Should teaching religion
be considered child abuse? This is a tough question. I remember reading “The God Delusion” and
Richard Dawkins brings up this point.
I think it was one of the– the mayor points people were talking about;
one of the more controversial things in his book. And he made this case that if you teach
your child religion, or certain aspects of religion, it ought to be considered
mental child abuse. And I remember reading that and I– I was thinking, you know, I was raised religious.
It wasn’t Christianity, it was Jainism, but I remember being raised religious. I don’t feel like it damaged me.
I think I learned a lot of things
that were untrue. I think a lot of Christians–
ex Christians would agree with that, too, but it didn’t hurt me. I felt good being religious
because I thought my values and morals
were in the right place. So, how could that be abusive
in any way? So, I think it’s important
to distinguish like, there are aspects of religion that
really should be considered abusive, like if you are teaching your child
that they should not go– they should not see the doctor, or you’re withholding medicine from them
when they’re really sick and on the verge of death. Yeah, I think that’s a form of child abuse. I think if you’re allowing your kids
to die because prayers are going to save them, that’s abuse.
And thankfully most states have laws that will prosecute the parents who let that happen.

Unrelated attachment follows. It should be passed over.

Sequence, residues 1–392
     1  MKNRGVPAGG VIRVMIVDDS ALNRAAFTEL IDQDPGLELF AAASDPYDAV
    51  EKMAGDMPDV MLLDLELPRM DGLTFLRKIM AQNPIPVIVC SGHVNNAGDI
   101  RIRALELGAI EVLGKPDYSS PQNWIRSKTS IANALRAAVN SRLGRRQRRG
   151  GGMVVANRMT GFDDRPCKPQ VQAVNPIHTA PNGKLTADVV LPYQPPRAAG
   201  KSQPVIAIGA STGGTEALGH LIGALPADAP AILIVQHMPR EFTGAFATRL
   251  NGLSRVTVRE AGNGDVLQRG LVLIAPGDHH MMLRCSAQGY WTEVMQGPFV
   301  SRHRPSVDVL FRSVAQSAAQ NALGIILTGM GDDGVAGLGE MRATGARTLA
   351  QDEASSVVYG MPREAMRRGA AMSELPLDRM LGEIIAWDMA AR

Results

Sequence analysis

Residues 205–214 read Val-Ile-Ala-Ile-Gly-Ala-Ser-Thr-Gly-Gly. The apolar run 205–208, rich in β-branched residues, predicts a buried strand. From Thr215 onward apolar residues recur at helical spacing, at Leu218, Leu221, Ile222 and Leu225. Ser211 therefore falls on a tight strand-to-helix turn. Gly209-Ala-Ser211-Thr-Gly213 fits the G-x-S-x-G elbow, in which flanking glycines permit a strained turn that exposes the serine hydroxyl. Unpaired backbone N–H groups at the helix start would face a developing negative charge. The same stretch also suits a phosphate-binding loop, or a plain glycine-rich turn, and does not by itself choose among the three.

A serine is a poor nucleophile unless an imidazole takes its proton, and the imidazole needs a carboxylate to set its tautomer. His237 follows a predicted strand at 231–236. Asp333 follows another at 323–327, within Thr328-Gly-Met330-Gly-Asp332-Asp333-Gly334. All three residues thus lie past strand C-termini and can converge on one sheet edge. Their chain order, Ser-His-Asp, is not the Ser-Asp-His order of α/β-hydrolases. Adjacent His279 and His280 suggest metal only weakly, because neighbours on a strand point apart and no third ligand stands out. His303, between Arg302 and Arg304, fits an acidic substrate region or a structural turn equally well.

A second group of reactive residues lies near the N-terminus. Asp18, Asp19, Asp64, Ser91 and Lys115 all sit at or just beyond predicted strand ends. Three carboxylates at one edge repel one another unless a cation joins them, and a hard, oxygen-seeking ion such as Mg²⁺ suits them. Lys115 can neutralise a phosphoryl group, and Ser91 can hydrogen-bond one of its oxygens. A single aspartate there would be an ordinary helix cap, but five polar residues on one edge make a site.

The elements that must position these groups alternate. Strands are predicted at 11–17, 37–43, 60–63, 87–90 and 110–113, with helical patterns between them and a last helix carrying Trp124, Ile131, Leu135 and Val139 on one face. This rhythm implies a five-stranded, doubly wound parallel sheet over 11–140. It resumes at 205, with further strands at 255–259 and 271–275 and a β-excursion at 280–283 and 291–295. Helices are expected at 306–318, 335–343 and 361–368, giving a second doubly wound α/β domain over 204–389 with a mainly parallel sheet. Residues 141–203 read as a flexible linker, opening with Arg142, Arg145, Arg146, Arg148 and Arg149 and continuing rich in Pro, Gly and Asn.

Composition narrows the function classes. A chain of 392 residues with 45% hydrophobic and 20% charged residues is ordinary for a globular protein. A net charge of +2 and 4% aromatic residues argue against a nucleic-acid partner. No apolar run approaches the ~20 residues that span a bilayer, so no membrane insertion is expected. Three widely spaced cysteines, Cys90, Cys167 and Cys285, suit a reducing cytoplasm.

That’s child abuse. I think if you’re like
a Jehovah’s Witness family, who will not let your child
receive a blood transfusion, and would rather let them die
in the case of an accident, because their religious beliefs
don’t allow for blood transfer like that, yeah, that’s child abuse.
I mean, we got to protect those children. But that’s not really what people are talking.
I think most people can get on board with that.
They would agree with me that, of course we don’t want
to let that happen. But what about teaching your child that God exists?
That’s what they’re really asking. Like, Is it okay if we teach kids that God exist?
That’s not abuse, is it? And I have to say like…
No, I don’t think it’s a wrong thing
to teach people to believe in heaven or God;
but I do draw the line at certain places.
I think if you teach your child that they are a sinner and that there’s something wrong with them
from the day they were born and they have to be saved or baptized, or you know,
they have to become believers to get out of that sinning stage, yeah, that’s a form of mental child abuse.
I think if you teach your child that
they have to be abstinent until they get married; and if they have sex
before they get married, there is something wrong and broken
about them and they will never be able to find true love and,
you know, God hates them for it, I’ve seen that.
I’ve seen Christian educators pass around like,
“Here’s a bottle of– “Here’s a glass and everyone
in the class needs to spit in it.” And at the very–
You know, when they pass it all around the classroom
and the teacher holds it up, “Who wants to take a drink
from this?” And no one does,
because that’s disgusting. And they’re like, “That’s what is like
when you have sex with people
before you’re married”. It’s like… That’s a form
of mental child abuse to me. That to me is not just miseducating them,
because I understand, people– people may have personal values that say,
you know, “Stay abstinent until marriage”, but to teach someone who decides that, that’s not for them?
To teach them that there’s something
wrong with them? That they’re hellbound or something? That to me is abusive. If you teach your child,
who’s gay or lesbian , that they’re broken,
that God disapproves of their you know, even monogamous, long term